Plastic pop has been around almost as long as pop has. Manufactured music, by manufactured bands, with no other thought that to produce something that will sell, in as many numbers as possible. Written by professional songwriters, recorded and sung by session musicians: two minutes, two-and-a half tops, in and out. Keep it short so there’s plenty of time for the next one off the production line to hit the turntable.
And yet: not every piece of commercially created music is utterly hollow. Art may not always be for art’s sake, it can sometimes creep, unwanted but not unfelt, into music made for the basest of motives. The Monkees may have been a quartet of actors with varying-all-the-way-down-to-minimal musical ability, but they still produced some great pop.
And The Archies’ ‘Sugar Sugar’, eight weeks at number 1 in Britain, was a brilliantly infectious, dance-friendly piece of bubblegum pop that still lifts the spirits over forty years on.
In 1968, like most of my age (and I suspect an equal number of girls, though as I went to a single sex Grammar School, I have no means of knowing this), I was hooked on The Banana Spilts Show, a zany, indeed wacky kids show, hosted by the Banana Spilts, supposedly consisting of four people dressed up as anthropomorphic animals: a beagle (Fleagle), an orange gorilla (Bingo), a laconic lion (Drooper) and a hairy elephant who only spoke in honks (Snorky). There were sketches, running gags, cartoons and an adventure signal that had everyone in my year hollering ‘Uh-oh, Chongo!’ (you had to be there).
And there was music. Pop songs, just like those of the Archies’, commercial pop, written by professional songwriters, recorded and sung by session musicians: two minutes, two-and-a half tops, in and out. That those musicians included luminaries such as Gene Pitney, Al Kooper or Barry White I neither knew nor cared, being ignorant of all pop at this time. I doubt I even saw this music as pop.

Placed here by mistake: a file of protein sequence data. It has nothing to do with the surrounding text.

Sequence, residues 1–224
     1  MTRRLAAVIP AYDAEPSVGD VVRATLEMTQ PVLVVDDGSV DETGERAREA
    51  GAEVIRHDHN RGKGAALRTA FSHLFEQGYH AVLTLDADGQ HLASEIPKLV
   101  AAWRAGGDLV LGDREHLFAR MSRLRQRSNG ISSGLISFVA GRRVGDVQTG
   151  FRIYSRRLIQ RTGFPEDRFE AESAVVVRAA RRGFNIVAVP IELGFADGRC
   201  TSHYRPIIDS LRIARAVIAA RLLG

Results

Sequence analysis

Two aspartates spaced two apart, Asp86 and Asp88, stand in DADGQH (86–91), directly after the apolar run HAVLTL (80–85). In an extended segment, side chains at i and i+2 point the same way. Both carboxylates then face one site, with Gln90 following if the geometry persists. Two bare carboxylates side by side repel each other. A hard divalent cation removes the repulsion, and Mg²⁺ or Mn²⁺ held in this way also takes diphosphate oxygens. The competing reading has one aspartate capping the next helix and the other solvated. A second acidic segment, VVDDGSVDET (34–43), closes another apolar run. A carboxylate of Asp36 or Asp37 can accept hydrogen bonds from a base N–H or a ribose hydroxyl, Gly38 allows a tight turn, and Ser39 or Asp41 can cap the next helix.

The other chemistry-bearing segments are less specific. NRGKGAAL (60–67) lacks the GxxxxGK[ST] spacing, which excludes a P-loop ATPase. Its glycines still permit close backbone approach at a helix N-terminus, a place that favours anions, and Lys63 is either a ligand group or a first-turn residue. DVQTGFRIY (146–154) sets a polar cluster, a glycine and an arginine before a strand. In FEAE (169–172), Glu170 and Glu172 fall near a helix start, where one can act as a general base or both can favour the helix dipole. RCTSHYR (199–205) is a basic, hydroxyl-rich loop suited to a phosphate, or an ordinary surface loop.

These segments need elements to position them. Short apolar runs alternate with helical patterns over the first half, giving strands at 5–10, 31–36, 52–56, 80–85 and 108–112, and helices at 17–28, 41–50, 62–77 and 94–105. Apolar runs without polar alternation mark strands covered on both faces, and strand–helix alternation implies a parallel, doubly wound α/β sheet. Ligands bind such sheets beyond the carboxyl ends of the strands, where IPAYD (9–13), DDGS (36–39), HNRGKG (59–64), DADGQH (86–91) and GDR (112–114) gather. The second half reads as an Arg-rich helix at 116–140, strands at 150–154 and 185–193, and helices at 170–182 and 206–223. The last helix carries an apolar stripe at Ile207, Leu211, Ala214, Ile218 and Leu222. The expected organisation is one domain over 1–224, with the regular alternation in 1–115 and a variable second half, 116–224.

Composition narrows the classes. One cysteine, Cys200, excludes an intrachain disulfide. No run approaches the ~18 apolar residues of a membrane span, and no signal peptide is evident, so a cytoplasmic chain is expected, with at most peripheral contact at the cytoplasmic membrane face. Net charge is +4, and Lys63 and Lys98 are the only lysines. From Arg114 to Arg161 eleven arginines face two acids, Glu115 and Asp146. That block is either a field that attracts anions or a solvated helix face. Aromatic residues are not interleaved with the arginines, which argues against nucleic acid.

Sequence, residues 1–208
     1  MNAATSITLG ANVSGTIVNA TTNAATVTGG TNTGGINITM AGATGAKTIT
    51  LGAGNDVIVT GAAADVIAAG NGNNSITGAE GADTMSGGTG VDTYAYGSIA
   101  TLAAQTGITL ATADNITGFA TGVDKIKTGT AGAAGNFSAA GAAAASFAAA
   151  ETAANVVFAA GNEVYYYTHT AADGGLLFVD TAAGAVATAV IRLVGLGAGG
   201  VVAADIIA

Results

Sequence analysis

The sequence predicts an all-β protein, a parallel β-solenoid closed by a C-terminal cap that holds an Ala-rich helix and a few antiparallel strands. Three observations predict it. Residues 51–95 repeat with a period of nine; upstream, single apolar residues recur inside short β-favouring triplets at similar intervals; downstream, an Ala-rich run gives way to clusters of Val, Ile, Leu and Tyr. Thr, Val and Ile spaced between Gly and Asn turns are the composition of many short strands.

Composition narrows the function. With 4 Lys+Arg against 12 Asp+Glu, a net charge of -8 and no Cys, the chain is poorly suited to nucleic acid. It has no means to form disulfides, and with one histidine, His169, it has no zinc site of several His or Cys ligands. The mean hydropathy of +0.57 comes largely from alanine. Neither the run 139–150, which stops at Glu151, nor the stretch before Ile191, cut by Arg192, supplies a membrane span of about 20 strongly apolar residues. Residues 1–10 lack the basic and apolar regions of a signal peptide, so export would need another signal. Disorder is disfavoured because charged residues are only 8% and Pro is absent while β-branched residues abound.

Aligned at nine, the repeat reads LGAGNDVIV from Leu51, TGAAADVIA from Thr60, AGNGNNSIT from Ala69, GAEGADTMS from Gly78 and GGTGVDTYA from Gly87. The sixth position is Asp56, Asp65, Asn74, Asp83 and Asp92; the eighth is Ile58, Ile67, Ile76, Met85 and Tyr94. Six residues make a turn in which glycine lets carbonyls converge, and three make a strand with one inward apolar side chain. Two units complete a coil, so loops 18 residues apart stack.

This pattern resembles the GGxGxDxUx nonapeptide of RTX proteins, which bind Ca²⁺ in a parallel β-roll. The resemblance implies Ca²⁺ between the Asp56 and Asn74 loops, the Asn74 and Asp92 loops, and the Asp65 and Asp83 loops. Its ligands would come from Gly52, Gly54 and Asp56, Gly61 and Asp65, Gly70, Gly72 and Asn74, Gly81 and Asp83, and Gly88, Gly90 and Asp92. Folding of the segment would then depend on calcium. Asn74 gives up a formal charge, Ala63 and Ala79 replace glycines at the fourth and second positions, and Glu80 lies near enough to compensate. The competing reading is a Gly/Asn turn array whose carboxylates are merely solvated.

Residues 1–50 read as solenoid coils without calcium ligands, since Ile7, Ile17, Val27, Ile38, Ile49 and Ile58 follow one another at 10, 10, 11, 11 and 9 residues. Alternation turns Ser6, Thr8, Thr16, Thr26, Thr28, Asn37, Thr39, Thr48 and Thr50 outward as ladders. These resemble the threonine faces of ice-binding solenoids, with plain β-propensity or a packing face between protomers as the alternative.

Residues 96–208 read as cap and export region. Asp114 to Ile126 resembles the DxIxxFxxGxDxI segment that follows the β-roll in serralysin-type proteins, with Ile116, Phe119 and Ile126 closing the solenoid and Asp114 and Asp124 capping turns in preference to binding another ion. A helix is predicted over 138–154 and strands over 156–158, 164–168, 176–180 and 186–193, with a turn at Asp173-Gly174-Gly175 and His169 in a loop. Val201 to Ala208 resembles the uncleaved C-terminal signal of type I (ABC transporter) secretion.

Yet there was one song. One song in the midst of all the others, that caught my ear in 1968 when even the Beatles were an unheard mystery to me, thanks to parents who ensured that nothing resembling pop appeared on their TV, or radio.
One song, written and sung by professional musicians, no doubt working to a clock. But it went into me, and something about it stayed, where music otherwise was ephemeral, a passing, unremembered thing, an interruption to the silly, childish songs that were what Ed Stewart’s Junior Choice was really about, every Saturday and Sunday. It was called ‘Wait till Tomorrow’, and as one who would, in due course, become a lover of that peculiarly mid-Sixties kind of clean-cut, pure American pop, it was brilliant.
It took me nearly twenty years to get hold of the song, by means of a video-tape of a repeated Banana Splits Show, but it was exactly as I remembered it. And it took nearly twenty further years to get hold of a CD that included it, a moment’s Sunday night inspiration, on a regular, long drive back, that ended with an internet search of approximately two minutes, and an order from somewhere in California.
It’s a very simple song, in primitive stereo that removes most of the basic instrumentation to the right channel, and places the voice and some of the more ephemeral music to the left. But the voice, from the moment it enters the song, hits a deeper note than you might expect. Flying through the meadows, all through the night, deceptively in keeping with everything before it, but the next line introduces something much less joyous: searching for the star that once was so bright.
And then it’s made explicit: love gone sour, love gone wrong, love gone. We had it once but we let it go. It’s changed. All the sunshine, apple pie and ice cream is overshadowed, the warm affection that we needed so, and that final word soars into a chorus of hope, of conviction. Wait till Tomorrow, we’ll find each other then, wait till tomorrow, tomorrow we will learn to love again.
Love has gone and two people are lost. The singer is one of them but he hasn’t given up hope. He believes in love, he believes that it is stronger than what inexplicable thing that has driven them apart. He knows that they can’t make love come back today, but wait till tomorrow he sings again, in tones of optimistic yearning, belief in every note of him.
Around him, the melody sings and swoops, a perfect melange of piano, bass, drums and some of the most affecting ‘la la las’ in pop history. He comes back to it again. It isn’t the end: there will be love again for them.
I look back at some of the songs that made an early impact on me, songs that spoke to my heart long before I was aware of my heart might one day contain, and with this cheap little bubblegum song, not even a proper record, just a soundtrack to a piece of comic television, I wonder if I was foreseeing things that would not come to pass until a time completely unimaginable from 1968. In this song, the singer hopes, is certain, yet his voice betrays him to the knowledge that it might not be that way after all. He can’t deny that there might not be a happy ending, not today, not tomorrow, not ever.
Which is why art can never be excluded totally from the most unartistic of endeavours.